Business Standard: 5th Dec 2006
European teams rewrote the rules of hockey, favouring power over skill, to triumph on the new Astroturf hockey landscapes. Now, in Afghanistan’s grim struggle, Pakistan is making new rules that load the dice heavily against those same NATO countries. The 26-member alliance that won a forty-year cold war against the Soviet Union without firing a shot, signalled last week that it does not have the will, the resources, or the political unity to fight beyond a point in Afghanistan. NATO’s structural weaknesses contrast with Islamabad’s skill in shaping the conflict to guarantee eventual Pakistani victory.
At a NATO summit meeting held in the Latvian capital of Riga last week, the alliance could agree only on sending 1,000 additional troops from Poland to reinforce its 23,000 embattled soldiers in insurgency-wracked southern Afghanistan. Only four alliance members --- USA, UK, Canada and Holland --- have sent troops to the south; countries like Germany and France still impose caveats on NATO that confine their soldiers to low-tension areas, except in dire emergency. It’s a paralysis of will that’s been dubbed “Riga mortis”.
Through a summer and autumn of pitched battles in the southern provinces of Helmand, Oruzgan and Kandahar, NATO’s Canadian, British and Dutch troops inflicted heavy losses on the Taliban. Few hearts and minds had been won, but battles had, and Afghan respect.
Then, in early autumn, came an electrifying rule change from Pakistan: Islamabad signed a peace accord with the tribal elders in troubled North Waziristan, ending five years of army operations against Al Qaeda and Taliban militants along the Durand Line (the Pakistan-Afghanistan border). The logic, they explained to the US, was to snuff out fundamentalist leadership and influence in tribal areas, and replace it with the traditional leadership of “greybeards” or tribal elders. Islamabad argued that routing development funds through secular, moderate tribal elders would re-empower them at the expense of jehadist mullahs.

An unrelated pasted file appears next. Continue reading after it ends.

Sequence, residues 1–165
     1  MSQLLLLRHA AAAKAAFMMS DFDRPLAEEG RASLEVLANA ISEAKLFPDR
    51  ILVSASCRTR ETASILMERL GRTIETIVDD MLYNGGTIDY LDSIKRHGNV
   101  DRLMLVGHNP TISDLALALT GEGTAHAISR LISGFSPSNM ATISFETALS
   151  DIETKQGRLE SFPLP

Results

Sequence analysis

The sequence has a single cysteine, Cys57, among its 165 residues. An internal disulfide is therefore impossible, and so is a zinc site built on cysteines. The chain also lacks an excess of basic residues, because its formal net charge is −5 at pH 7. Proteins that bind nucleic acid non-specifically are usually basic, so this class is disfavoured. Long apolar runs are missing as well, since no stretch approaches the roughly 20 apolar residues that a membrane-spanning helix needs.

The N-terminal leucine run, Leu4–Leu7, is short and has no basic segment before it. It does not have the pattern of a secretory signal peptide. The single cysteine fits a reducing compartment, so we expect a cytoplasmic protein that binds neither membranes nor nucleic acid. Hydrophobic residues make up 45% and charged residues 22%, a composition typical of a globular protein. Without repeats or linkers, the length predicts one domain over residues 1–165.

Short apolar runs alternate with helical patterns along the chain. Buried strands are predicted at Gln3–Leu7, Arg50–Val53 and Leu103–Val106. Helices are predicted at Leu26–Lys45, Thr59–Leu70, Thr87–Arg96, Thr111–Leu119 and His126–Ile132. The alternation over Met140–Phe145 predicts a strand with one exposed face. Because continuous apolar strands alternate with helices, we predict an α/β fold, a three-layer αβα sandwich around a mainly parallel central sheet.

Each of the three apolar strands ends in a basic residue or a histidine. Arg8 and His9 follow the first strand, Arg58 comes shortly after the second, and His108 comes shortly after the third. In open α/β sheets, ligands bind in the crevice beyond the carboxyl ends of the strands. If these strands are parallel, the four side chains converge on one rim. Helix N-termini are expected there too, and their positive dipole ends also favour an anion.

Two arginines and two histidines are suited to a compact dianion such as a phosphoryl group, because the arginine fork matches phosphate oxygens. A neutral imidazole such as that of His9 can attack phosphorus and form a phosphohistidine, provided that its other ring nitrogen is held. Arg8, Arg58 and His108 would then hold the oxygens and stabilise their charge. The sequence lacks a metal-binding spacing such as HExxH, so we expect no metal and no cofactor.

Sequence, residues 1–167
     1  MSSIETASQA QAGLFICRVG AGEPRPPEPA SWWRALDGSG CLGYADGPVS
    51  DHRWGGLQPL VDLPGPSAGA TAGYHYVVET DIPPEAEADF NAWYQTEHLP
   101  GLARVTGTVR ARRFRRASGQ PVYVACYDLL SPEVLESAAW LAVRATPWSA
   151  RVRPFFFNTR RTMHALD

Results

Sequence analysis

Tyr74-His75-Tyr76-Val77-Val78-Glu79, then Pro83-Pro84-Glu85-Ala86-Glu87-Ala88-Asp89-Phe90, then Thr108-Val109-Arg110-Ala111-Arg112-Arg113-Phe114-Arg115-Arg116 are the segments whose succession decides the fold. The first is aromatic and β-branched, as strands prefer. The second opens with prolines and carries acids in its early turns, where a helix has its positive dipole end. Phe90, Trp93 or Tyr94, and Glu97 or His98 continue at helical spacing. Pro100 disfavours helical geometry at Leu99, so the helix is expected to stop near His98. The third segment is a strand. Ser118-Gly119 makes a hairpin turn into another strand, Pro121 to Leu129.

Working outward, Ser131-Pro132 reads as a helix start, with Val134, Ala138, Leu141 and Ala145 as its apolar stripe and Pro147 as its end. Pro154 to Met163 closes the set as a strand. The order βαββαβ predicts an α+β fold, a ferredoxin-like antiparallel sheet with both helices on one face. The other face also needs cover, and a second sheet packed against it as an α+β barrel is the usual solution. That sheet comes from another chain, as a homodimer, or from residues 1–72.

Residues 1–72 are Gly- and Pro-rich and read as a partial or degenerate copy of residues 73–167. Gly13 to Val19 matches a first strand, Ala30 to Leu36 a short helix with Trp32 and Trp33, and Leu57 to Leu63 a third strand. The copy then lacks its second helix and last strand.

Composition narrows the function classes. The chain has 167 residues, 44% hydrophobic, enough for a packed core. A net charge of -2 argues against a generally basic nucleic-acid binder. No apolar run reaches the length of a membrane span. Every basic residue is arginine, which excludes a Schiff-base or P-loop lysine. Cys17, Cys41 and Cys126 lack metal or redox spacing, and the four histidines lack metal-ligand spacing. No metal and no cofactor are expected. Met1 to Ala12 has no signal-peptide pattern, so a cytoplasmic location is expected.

In addition to pulling its own troops out of a bloody NWFP campaign, Islamabad made it clear that it wants a corresponding NATO and US troop pullout from Southern Afghanistan. This would leave the Taliban largely in control of the south, and well positioned for a drive to Kabul. Pakistan’s governor of the North West Frontier Province (NWFP), Lt Gen Ali Mohammad Jan Orakzai, who was the Corps commander in NWFP before he was promoted to governor, publicly declares that the US and NATO have already failed in Afghanistan, with their presence fuelling militancy rather than curbing it. “Either it is a lack of understanding or it is a lack of courage to admit their failures,” he says.
This is not the ranting of a maverick general; Pakistani foreign minister Khurshid Kasuri has endorsed the new rules. On the eve of the Riga summit, several NATO diplomats reported that Mr Kasuri had advised them in private briefings not to send more troops to Afghanistan, as the Taliban had already won. Kasuri also reportedly urged NATO to negotiate with the Taliban and replace Karzai’s government with a coalition that includes the Taliban. While Islamabad denied these reports, the Afghan parliament strongly condemned Kasuri’s alleged interference. Bringing the Taliban camel into the tent arouses little enthusiasm in Kabul; this is a camel with guns.
Having learned in Iraq that dialogue with insurgent groups is as important as fighting them (jaw-jaw instead of war-war, as Churchill put it) the US has cautiously endorsed Pakistan’s Waziristan peace. But with NATO fighting an enemy that operates from Waziristan havens, this is a perceptual rift within the alliance. The US and its European allies have never seen eye-to-eye on Afghanistan. In the wake of 9/11 the alliance had invoked its collective defence clause, by which an attack on one member is an attack on all. But a belligerent America chose to go it alone, and now finds only reluctant support.
With only lukewarm support forthcoming from “old Europe”, Riga saw a renewed US initiative for expanding NATO to include members more responsive to American blandishments. President Bush announced that Croatia, Albania and Macedonia would enter NATO by 2008, and that Georgia might come on board at a later date. The US, the UK and Holland, eager for reinforcements in Afghanistan, dropped objections against Serbia and Bosnia’s early membership on grounds of war crimes.
Orphaned by the end of the Cold War, NATO has tried to relocate its raison d’etre in the Afghanistan operation. A new document, still under negotiation, tasks NATO not just with the defence of national borders, but also with tackling global threats like terrorism, the spread of WMDs, and the emergence of failed states.
New rules all around, for a new playing field.